U.K.’s Apparent Serenity on Brexit Leaves Brussels Perplexed

Government’s stance of ‘keep calm and carry on’ raises questions in Brussels and among British businesses over its vision of future ties

British Secretary of State for Exiting the EU David Davis listening to remarks at EU headquarters in Brussels last month.
British Secretary of State for Exiting the EU David Davis listening to remarks at EU headquarters in Brussels last month. PHOTO: VIRGINIA MAYO/ASSOCIATED PRESS

British government ministers are keeping calm and carrying on, in public at least, in the face of the many challenges posed by Brexit negotiations.

This apparent lack of urgency has created bewilderment in Brussels. And among British businesses, there is growing anxiety over the absence of a clear vision of the government ‘s desired future trade and economic relationship with the European Union.

Britain’s Brexit Secretary David Davis was at his most serene this week when he spoke to Parliament. Yes, the U.K. can get a preferential trade deal and customs arrangement concluded before it leaves the EU in March 2019, he said.

He acknowledged that there might need to be a transition or implementation phase after Brexit day but that, he said, would be mostly to give the French, Dutch and Belgian customs time to get their procedures in place.

Mr. Davis gave no sign that he was taking seriously what his negotiating partners have been saying: Such a trade and customs arrangement is impossible to negotiate in that time frame, even though some broad principles about the future relationship may be agreed.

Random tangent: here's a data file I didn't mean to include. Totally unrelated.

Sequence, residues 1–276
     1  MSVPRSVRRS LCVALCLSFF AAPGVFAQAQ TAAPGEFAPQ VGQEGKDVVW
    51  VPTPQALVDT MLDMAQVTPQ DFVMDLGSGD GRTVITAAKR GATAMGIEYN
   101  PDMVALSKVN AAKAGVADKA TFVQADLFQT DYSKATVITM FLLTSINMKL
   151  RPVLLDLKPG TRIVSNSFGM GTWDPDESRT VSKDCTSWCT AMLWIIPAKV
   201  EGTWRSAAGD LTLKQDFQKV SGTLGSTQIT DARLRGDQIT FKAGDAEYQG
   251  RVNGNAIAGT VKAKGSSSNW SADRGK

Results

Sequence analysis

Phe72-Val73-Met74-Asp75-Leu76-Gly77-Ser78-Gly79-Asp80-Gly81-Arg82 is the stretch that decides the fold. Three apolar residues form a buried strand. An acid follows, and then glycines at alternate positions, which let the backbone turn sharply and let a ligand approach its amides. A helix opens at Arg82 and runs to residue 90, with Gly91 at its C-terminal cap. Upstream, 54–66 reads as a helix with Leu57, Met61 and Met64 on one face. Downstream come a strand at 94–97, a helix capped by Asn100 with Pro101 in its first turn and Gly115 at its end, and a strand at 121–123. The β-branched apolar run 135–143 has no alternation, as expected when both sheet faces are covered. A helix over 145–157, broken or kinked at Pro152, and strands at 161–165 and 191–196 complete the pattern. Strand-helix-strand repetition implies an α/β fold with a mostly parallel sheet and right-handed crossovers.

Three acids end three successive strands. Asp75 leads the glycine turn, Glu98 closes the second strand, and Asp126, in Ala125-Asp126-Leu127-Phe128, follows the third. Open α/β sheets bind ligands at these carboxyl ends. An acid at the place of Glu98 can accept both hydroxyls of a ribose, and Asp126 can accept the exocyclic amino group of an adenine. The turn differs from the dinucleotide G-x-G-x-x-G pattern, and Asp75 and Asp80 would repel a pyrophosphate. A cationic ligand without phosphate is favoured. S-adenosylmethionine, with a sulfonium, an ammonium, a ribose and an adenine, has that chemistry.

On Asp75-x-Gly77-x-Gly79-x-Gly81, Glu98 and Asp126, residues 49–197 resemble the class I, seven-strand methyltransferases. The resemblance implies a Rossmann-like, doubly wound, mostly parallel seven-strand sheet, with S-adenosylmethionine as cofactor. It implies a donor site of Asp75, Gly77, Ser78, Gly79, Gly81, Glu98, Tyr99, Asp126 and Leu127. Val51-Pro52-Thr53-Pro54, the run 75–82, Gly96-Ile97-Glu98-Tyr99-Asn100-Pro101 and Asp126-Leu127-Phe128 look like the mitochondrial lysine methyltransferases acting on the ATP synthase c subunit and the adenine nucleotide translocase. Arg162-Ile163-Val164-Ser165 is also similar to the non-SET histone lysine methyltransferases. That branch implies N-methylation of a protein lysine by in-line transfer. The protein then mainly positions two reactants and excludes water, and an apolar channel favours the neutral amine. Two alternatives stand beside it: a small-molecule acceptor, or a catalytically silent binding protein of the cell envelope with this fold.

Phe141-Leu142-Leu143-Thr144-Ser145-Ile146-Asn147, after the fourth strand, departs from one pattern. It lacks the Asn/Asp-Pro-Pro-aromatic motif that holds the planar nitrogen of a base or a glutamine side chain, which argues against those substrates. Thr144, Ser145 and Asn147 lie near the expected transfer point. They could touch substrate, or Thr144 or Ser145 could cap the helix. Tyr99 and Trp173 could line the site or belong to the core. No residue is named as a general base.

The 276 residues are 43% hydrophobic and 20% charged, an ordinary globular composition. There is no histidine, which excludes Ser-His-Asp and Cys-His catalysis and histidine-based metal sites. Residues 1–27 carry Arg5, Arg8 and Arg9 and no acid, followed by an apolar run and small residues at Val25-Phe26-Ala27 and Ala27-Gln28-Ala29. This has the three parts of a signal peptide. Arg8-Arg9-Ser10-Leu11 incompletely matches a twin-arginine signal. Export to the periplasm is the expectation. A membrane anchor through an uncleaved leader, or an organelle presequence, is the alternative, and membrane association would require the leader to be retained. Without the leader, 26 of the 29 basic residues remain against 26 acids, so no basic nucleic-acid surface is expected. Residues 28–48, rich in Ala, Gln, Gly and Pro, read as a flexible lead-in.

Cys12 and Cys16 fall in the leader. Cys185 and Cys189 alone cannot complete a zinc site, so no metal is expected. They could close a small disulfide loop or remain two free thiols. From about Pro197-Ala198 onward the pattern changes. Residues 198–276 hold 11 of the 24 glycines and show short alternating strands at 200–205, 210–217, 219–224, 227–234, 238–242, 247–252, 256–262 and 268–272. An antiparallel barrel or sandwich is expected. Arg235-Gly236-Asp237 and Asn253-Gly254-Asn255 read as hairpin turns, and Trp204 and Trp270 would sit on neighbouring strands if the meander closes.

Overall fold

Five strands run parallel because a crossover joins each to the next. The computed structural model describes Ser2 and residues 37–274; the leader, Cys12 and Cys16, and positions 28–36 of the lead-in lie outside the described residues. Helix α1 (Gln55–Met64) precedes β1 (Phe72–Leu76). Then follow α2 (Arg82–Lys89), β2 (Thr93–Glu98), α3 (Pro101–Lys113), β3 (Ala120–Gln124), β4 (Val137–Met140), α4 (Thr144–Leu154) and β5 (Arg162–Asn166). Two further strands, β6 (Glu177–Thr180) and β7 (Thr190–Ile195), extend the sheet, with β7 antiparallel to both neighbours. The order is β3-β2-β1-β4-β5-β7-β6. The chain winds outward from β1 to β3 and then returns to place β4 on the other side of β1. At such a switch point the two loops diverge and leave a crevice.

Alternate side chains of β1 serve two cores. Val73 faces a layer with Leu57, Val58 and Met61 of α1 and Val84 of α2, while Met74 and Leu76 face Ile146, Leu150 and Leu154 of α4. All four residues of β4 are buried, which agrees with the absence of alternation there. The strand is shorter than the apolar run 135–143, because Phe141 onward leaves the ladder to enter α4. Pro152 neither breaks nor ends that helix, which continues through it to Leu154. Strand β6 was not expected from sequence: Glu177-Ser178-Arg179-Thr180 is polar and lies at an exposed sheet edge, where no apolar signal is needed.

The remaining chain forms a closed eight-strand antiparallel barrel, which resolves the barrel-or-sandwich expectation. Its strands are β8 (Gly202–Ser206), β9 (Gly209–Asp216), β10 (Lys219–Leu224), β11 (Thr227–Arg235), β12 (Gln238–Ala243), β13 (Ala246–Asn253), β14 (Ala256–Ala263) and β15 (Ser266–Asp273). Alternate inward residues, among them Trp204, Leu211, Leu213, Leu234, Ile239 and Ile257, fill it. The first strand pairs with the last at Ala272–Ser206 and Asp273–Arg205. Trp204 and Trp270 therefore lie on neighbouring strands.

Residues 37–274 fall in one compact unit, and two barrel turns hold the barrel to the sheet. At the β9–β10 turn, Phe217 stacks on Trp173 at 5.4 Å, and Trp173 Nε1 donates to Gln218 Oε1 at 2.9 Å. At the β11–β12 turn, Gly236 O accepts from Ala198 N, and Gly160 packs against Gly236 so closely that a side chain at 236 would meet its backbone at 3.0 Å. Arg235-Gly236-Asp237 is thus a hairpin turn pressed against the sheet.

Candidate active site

Fabian Zuleeg, chief executive of the Brussels-based European Policy Center think tank, says agreement on an interim arrangement is possible. But regarding a long-term trade deal, he said, “I don’t think we’ll agree anything in the two years.”

It isn’t clear either how closely Mr. Davis listened to what businesses were telling him last week when he met them at the government’s country retreat. The Confederation of British Industry, for example, spelled out that it wants a multi-year transition—with the U.K. ideally remaining in the EU’s single market and customs union—to avoid a cliff edge 21 months from now.

But while they are sympathetic to an implementation phase of some sort, British ministers are currently ruling out those two options even as an interim step, remaining true to the unyielding vision of Brexit set out by Prime Minister Theresa May before the election in June. There have been some signs of a softening of language since last month’s election, but the official government line remains unchanged. If that position holds, trade friction at the U.K.’s borders will rise sharply and quite soon.

U.K. Prime Minister Theresa May arriving on Thursday for a bilateral meeting with Spain's King Felipe VI in London.
U.K. Prime Minister Theresa May arriving on Thursday for a bilateral meeting with Spain’s King Felipe VI in London. PHOTO: SIMON DAWSON/BLOOMBERG NEWS